Thinking as you sleep: Why you’re smarter than you thought
You’ve heard those three little words often enough when faced with intractable problems or big decisions: ‘Sleep on it’. It sounds very much like no more than ‘putting it off’, but there’s a very helpful logic behind it, and Solo Expenses would like to help you to exploit for yourself, proving that you’re actually smarter than you thought…
Do you ever think of nothing? Are there times when you brain is idling away in neutral? Or are you one of those people whose mind is active all the time, with thoughts constantly jostling each other like maniacal Black Friday shoppers, clamouring for your attention?
Chances are that each of us is like the latter for most of the time. Experts are divided about just how many thoughts we have during the course of the day, but no-one pitches the figures below 12,000. That’s an awful lot of thinking; stacks of information to process, however you look at it.
But stop and think. Oops, there’s another one. Stop and think for a moment. Would you try to make a major expense management decision whilst fighting through a crowd of people trying to get their hands on a cheap Black Friday TV? Of course not, because the answer you’d come up with would have a strong chance of being flawed. You’d get out of the melee and seek out some peace and quiet where you could hear yourself think about money management. And where better than in bed? Asleep.
Let’s hear it for the brain
The human brain is a phenomenal thing. How else would it have conceived of the internal combustion engine, expense management apps like Solo Expenses, or cheese in an aerosol can? (That’s a powerful imagination right there. Who imagined there would ever be a need for jet-propelled cheese?)
But let’s get back to sleeping on stuff. When you set aside the ‘here and now’ like ringing phones, reading emails, listening to colleagues, watching out for your stop on the train, and the stone in your shoe, then you really can hear yourself think, arriving at answers you wouldn’t otherwise have dreamed of. When you can hear yourself think is when the timid good ideas and wisdom – and they’re there already, believe us – can tiptoe forward and tug gently at the sleeve of your consciousness, asking to be let in. It’s just a case of creating the right conditions.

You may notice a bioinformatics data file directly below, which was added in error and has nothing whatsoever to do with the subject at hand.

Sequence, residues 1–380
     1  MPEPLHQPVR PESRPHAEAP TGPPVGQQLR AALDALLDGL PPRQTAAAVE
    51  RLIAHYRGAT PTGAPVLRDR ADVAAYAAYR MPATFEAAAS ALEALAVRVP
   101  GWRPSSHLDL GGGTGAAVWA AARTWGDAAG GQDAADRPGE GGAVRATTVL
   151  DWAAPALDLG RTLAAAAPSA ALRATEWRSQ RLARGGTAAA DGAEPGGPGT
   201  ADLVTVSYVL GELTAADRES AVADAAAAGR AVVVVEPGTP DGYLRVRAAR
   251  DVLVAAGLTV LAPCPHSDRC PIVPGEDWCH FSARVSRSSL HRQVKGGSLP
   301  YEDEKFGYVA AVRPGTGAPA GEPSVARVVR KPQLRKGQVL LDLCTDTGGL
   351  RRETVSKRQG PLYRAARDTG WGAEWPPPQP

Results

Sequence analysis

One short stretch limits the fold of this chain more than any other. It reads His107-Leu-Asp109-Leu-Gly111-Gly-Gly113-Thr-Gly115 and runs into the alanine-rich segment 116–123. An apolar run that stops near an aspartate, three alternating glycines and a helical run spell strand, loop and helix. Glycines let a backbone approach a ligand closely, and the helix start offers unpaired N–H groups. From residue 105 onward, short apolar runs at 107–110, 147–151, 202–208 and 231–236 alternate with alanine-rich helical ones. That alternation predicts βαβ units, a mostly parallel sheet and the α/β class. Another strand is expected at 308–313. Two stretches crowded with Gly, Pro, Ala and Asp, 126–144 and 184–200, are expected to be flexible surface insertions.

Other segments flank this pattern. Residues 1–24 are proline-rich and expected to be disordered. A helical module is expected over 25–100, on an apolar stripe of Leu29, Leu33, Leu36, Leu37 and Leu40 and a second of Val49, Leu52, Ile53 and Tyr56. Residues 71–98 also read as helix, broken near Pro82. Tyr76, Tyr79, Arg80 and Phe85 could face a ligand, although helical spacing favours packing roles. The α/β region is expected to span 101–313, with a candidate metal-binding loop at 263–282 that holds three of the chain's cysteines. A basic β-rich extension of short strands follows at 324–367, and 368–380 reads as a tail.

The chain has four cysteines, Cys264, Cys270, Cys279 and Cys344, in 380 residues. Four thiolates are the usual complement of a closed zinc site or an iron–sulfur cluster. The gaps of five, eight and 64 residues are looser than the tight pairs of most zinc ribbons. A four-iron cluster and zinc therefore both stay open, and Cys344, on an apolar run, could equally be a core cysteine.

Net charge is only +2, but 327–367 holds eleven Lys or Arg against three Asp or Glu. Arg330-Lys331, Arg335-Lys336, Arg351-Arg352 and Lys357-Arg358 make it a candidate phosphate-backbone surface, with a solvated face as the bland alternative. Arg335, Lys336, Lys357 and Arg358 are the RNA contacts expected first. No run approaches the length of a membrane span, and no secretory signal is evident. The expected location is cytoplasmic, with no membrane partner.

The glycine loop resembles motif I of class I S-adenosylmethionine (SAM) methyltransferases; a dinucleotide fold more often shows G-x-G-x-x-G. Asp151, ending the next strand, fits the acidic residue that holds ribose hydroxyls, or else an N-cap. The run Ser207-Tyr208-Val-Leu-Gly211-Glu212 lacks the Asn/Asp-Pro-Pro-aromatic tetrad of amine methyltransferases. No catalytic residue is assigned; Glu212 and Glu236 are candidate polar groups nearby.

How to let ideas come to you
1. Isolate: Don’t bring the Black Friday shopaholics into the bedroom with you. Have no TV in there; no radio, stereo or phone. (Don’t give me that old hooey about the phone being your alarm; turn it off and get a proper alarm clock).
2. Sshhh…: Silence is golden. If you share a bed with an industrial-strength snorer, take yourself to another room where the good ideas won’t be scared by the noise.
3. Make it dark: Get some thick curtains, and pull them firmly together. Avoid chinks of light around the edges if you can. Have blackout curtains for the light summer evenings.
4. No fries with that: Don’t eat too late in the evening, and lay off the spicy and fatty foods. Even cheese will mess with your brain.
5. None for the road: Alcohol will mess up your sleeping rhythms if taken to excess. (Though we know of at least one elderly gentleman who was advised by his Doctor to have a small Scotch last thing at night to help him drop off). Any drink containing caffeine will blunt your chances of a good sleep too.
6. Have a bath: This is all about body temperature. A bath will raise yours, and when you climb into bed your temperature will gently drop as the need for sleep rises; when they meet is when you’ll fall asleep. Being too warm or cold in bed will prevent you from sleeping properly too, but it’s best to get that right before you go to sleep, rather than waking up and having to sort it out in the middle of the night.
7. Get off the rocking horse: It’s said that worry is like a rocking horse because it gives you something to do without taking you anywhere. Try to put the causes of worry aside. Surprisingly, writing them down can help, because you don’t have to carry them in your head. If poor expense management has brought you to a dark place, you can do nothing about it during the night, so it’s best to try to sleep. Who knows; setting worry aside might make space for a solution to come forward!
8. Pad it out: You may find that an idea or solution comes to you in the wee small hours, and snaps you awake. Have a pad and pencil beside the bed so you can write it down to refresh your ‘daytime mode’ brain in the morning, when the whole here and now thing has started again. Once it’s written down, it’s a safe bet you’ll soon be asleep again.
Keep telling yourself you already know the answer, because you probably do. All you have to do is create the right conditions for it to come to you. Do that often enough, and you could find it’s life changing. We’ve seen our way through lots of tough times simply by going to sleep as we’ve described. Who’d have thought it possible?